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How has adult death rates changed by U.S. state?

The PRB (Population Reference Bureau) post, Declines in Adult Death Rates Lag in the U.S. South, answers the question with interactive graphs.

Adult death rates in many southern states are 30 percent or 40 percent higher than in states with the lowest death rates. The growing geographic disparity means that adults (ages 55+) in the worst-off southern states can expect to die three to four years earlier, on average, than their counterparts in states with the lowest death rates.

The graphs show death rates by state and state rankings for both females and males, from 1980 to 2015.  There is a clear trend.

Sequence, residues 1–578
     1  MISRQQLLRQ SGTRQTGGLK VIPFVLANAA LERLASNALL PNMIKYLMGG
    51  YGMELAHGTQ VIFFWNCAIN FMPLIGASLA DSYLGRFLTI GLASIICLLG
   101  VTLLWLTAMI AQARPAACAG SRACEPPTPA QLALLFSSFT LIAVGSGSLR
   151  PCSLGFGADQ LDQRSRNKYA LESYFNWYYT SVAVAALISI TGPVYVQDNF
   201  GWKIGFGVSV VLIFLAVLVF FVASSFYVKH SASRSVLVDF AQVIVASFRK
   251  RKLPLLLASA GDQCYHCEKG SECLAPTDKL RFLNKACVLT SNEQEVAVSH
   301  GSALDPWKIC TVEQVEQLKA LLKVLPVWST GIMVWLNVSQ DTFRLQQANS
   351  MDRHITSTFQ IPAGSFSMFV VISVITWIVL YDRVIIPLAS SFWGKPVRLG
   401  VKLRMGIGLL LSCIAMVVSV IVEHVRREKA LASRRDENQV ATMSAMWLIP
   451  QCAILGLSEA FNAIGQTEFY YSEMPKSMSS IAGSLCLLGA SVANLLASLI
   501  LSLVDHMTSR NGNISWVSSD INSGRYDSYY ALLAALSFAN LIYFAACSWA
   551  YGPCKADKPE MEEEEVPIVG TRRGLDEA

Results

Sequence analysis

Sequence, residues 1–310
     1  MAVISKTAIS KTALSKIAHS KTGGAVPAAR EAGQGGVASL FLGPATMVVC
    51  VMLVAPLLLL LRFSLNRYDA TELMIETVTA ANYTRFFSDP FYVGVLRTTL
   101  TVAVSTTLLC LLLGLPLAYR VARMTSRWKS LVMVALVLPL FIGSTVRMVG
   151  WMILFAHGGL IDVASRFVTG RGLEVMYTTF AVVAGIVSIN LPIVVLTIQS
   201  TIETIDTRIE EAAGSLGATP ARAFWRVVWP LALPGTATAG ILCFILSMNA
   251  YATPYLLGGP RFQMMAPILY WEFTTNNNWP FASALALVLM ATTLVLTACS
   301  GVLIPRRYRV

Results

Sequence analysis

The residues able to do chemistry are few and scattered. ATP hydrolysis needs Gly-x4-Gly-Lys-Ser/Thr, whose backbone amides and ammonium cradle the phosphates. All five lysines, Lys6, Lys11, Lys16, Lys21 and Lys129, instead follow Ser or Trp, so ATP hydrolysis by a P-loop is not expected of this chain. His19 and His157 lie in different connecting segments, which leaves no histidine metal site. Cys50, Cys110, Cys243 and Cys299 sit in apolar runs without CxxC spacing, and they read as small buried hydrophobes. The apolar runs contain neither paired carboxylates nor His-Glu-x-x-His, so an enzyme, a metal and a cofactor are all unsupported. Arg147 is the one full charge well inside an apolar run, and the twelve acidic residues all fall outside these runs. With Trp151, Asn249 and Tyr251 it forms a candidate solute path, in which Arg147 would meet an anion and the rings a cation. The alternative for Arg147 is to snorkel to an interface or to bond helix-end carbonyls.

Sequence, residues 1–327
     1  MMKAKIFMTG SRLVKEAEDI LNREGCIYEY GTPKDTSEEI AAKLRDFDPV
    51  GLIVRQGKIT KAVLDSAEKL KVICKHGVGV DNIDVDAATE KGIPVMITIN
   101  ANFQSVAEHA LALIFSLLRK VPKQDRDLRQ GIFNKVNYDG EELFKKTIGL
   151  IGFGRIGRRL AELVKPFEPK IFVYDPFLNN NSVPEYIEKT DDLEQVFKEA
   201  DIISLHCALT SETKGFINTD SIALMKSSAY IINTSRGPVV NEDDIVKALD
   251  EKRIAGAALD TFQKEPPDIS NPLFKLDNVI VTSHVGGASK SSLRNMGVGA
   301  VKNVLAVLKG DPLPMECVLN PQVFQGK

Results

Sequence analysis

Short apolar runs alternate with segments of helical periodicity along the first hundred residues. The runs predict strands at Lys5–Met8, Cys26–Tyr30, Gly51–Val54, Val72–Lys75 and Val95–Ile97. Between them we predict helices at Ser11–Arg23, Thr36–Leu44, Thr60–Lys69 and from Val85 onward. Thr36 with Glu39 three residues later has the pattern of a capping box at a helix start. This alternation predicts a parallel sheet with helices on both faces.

In 2015, all of the states with the highest female death rates (ages 55+) were located in the South. In 1980, by comparison, the five states with the highest female death rates included Louisiana, New Jersey, New York, Ohio, and Pennsylvania.

The set of graphs are perfect for a QL course. The data, cited in the post, is from the CDC which could make for a regression based statistics project.

About Thomas J. Pfaff

Thomas J. Pfaff is a Professor of Mathematics at Ithaca College. He created this website because he believes that sustainability, ranging from climate change to social justice, should be included in all courses whenever possible.

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